It’s been about two months since the US began sweeping lockdowns to contain the spread of coronavirus
The economic pain of the coronavirus-induced recession swiftly overtook that of the Great Recession in that short time as millions of Americans have lost jobs, businesses remain frozen, and consumer spending has taken a major hit.
See below for five charts that show how the coronavirus-induced economic downturn compares to the Great Recession.
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It only took a few weeks for economists to agree that sweeping shutdowns to contain the spread of the novel coronavirus had plunged the US economy into a recession.
Now, just two months since the first stay-at-home orders began, the ensuing downturn has surpassed the Great Recession that spanned 18 months between 2007 and 2009.
“It just goes to show you how quickly the current crisis has evolved and how deep it is,” Daniel Zhao, an economist at Glassdoor, told Business Insider. The size and scope of the crisis is very unusual for any kind of quick disruption to the economy, he added.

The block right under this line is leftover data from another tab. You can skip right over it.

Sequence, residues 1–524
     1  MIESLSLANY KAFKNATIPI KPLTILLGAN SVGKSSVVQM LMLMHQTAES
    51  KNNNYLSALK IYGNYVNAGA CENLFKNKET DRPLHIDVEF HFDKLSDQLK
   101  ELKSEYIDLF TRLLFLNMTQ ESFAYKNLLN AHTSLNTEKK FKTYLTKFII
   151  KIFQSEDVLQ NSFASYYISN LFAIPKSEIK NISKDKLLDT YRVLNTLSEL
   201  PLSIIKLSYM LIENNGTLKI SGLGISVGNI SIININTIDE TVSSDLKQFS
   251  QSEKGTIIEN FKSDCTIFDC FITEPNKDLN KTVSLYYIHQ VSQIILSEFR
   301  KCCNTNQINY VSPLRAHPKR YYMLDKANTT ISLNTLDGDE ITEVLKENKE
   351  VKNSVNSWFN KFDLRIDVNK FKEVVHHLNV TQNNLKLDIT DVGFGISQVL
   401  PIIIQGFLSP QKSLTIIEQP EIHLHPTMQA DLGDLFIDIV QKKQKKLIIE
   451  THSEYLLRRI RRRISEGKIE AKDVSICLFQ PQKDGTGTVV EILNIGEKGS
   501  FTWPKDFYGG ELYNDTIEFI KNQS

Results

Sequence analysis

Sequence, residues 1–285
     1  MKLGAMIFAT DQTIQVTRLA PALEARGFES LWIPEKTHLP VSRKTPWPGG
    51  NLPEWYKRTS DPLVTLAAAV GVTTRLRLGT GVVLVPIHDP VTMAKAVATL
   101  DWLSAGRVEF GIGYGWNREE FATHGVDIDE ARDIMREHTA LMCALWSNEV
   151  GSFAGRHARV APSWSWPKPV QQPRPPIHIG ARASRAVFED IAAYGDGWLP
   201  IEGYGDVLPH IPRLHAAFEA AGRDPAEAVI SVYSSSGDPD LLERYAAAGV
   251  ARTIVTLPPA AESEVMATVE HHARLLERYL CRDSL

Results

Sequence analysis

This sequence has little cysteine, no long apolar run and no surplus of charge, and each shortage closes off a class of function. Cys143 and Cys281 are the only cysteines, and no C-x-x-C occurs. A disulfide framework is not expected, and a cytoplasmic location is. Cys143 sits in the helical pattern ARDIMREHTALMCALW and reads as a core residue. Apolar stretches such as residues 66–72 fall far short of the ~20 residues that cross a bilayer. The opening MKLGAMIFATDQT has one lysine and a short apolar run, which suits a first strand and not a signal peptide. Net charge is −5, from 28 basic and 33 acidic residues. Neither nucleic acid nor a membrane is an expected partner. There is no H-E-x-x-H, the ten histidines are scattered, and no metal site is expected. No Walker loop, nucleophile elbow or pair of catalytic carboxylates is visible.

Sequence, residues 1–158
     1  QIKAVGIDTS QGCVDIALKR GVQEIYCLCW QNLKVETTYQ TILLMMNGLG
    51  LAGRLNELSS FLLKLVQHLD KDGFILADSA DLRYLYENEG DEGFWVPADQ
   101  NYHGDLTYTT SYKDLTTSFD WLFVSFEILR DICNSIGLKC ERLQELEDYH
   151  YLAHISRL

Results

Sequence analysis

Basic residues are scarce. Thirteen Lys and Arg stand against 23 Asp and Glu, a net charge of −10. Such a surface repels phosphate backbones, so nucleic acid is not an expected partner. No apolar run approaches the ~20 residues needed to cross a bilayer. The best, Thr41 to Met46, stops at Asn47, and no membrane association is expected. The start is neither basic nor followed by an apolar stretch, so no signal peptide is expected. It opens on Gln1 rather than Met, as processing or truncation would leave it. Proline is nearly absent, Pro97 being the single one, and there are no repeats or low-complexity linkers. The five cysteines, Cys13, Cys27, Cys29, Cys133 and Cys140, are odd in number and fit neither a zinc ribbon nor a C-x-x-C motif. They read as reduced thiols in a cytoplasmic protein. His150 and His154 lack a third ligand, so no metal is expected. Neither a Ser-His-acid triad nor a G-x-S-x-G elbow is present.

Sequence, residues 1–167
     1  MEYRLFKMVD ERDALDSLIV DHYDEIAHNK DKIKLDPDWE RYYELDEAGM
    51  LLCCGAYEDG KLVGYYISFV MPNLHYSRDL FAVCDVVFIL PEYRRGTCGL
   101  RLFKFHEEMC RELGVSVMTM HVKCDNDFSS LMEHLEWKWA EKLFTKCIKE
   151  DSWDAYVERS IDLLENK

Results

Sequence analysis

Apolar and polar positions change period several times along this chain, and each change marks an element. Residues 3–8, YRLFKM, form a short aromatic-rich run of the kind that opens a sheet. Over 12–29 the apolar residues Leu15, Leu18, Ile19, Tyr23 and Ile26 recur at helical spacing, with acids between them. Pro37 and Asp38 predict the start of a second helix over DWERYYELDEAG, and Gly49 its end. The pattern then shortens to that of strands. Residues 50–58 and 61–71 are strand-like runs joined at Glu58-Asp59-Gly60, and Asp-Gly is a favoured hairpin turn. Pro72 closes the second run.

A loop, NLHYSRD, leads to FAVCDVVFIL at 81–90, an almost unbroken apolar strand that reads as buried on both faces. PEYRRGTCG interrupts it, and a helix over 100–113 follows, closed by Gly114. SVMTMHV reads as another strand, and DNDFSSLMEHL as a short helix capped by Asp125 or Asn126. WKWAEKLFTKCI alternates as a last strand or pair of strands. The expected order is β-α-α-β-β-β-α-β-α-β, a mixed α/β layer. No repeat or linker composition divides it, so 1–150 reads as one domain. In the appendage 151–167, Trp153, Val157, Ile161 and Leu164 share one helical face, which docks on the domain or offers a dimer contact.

There has been an overwhelming amount of data showing the full scope of economic pain: millions of Americans have filed for unemployment insurance claims, millions of jobs have been erased, and consumer spending, retail sales, and production have plummeted by record amounts.
The hit to the labor market has been particularly extreme amid shutdowns to contain COVID-19. It only took four weeks for the coronavirus downturn to erase all jobs created since 2009, and nine weeks for unemployment insurance claims to surpass the total filed during the Great Recession — an 18-month span.
In addition, the unemployment rate jumped in April from a 50-year low in February to the highest since the Great Depression of the 1920s and 1930s. And economists think it will be even higher in May’s nonfarm payroll report.
Read more: ‘Likely to be excruciating’: A notorious stock bear says investor reliance on Fed money-printing is misguided — and warns of more than 50% crash from current levels
Apples to Oranges
It makes sense to compare the coronavirus-induced downturn to the Great Recession, as it’s the most recent major economic event, Lindsey Piegza, chief economist at Stifel told Business Insider.
“No one really has the memory to think back to the eighties or the Great Depression,” said Piegza. “So really the comparison that the market’s going to be using is how bad is this relative to the financial crisis — that’s the paradigm that we live in.”
Still, there are some key differences between the coronavirus-induced downturn and the Great Recession. The US made the decision to shut of the economy to deal with a health event, unlike the Great Recession, which was caused by the financial crisis.
“This current crisis is not due to something structurally wrong with the economy,” Zhao said. “It wasn’t caused by a housing bubble or financial crisis.”
The optimistic case is thus that activity and demand should rebound once the economy is back …read more
Source:: Business Insider